Doctoral Dissertations

Date of Award


Degree Type


Degree Name

Doctor of Philosophy


Counselor Education

Major Professor

Casey A. Barrio Minton

Committee Members

Patrick R. Grzanka, Misunori Misawa, Shawn L. Spurgeon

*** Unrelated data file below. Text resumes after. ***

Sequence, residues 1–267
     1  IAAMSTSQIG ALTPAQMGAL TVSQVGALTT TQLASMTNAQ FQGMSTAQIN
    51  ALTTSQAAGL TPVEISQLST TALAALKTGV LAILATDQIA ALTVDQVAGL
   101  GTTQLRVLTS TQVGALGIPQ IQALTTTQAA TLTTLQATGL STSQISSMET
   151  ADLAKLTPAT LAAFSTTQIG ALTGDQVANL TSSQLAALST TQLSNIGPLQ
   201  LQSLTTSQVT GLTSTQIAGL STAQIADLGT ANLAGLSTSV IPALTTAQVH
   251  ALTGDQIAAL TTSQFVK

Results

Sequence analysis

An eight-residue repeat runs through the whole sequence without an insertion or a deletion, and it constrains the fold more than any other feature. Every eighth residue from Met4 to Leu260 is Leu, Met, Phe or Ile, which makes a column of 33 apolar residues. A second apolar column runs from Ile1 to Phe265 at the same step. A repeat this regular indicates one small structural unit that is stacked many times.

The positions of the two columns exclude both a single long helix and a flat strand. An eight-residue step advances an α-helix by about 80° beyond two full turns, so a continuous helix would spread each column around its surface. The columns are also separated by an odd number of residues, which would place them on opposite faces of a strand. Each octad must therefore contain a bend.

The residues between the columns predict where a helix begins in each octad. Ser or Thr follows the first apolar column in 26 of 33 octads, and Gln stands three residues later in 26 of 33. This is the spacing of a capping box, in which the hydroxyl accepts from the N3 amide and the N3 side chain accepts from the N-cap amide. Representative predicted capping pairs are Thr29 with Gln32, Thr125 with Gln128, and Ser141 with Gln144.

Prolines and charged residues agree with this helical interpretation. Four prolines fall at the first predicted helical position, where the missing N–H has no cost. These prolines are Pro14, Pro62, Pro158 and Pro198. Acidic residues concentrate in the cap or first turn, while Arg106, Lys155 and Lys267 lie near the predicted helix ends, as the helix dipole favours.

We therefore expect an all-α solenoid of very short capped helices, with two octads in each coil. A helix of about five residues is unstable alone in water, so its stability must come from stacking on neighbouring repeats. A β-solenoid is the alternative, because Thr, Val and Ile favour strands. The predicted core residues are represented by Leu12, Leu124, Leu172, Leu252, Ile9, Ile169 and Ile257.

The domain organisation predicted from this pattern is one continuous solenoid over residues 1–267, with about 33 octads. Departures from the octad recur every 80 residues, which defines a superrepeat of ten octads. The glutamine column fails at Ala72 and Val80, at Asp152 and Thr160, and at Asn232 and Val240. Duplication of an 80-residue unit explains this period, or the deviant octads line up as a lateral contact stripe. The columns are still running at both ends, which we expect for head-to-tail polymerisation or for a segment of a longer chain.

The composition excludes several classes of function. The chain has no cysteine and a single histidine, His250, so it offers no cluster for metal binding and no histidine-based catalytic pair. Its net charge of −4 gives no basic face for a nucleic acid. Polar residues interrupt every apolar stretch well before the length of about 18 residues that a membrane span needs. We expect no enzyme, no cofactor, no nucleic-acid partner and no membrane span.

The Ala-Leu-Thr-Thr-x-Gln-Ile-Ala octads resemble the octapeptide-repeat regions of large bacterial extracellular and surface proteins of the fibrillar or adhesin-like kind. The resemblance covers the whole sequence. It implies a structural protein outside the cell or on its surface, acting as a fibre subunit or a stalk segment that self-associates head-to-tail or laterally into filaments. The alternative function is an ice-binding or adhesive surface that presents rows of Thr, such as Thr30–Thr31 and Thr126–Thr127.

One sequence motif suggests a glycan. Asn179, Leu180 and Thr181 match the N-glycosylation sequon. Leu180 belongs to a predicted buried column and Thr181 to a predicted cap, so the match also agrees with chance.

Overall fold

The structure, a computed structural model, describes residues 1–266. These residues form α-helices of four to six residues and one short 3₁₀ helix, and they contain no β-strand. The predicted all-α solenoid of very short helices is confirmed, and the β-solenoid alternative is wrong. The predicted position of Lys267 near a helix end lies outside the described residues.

Social/political or legislative professional advocacy is vital for growth of the counseling profession. However, knowledge regarding social/political professional advocacy is limited by a lack of empirical evidence. The purpose of this constructivist grounded theory study was to explain the process of social/political professional advocacy for counseling leaders. The research question guiding this study was what is the process of social/political professional advocacy for counseling leaders? Constructivist grounded theory (Charmaz, 2014) was used to analyze fifteen semi-structured interviews with professional counselors who engaged in leadership related to social/political professional advocacy. During analysis, four major themes emerged, Connection to Personal and Professional Identity, Use of Personal and Professional Community, Making it your Own, and Picking your Battles. Findings suggested that the legislative professional advocacy process involved three tiers Advocacy Catalyst, Advocacy Action, and Advocacy Training. The Advocacy Catalyst provided connection to the advocacy need. Advocacy Action, involved ways that advocates acted upon advocacy by picking battles and making it their own. Advocacy Training provided participants with support and knowledge to apply to their Advocacy Action. In addition, using an aggregate of the participants’ own perspective and experience, a definition of legislative professional advocacy was proposed. Based on these findings, implications for counselor education programs and professional organizations and recommendations for future research were provided.

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